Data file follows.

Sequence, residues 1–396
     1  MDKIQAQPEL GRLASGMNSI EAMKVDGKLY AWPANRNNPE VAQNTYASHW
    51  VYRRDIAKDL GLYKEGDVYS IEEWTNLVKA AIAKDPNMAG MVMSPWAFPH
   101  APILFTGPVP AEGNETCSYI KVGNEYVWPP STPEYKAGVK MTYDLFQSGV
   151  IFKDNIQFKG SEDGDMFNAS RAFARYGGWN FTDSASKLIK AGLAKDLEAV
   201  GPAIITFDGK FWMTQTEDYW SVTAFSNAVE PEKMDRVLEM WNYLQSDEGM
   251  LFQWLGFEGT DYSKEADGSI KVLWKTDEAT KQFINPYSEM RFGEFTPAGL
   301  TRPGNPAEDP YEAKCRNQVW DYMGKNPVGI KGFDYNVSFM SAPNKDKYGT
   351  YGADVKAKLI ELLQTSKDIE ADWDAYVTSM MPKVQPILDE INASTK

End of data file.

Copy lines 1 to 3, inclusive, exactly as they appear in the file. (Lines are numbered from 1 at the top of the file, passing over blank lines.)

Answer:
Sequence, residues 1–396
     1  MDKIQAQPEL GRLASGMNSI EAMKVDGKLY AWPANRNNPE VAQNTYASHW
    51  VYRRDIAKDL GLYKEGDVYS IEEWTNLVKA AIAKDPNMAG MVMSPWAFPH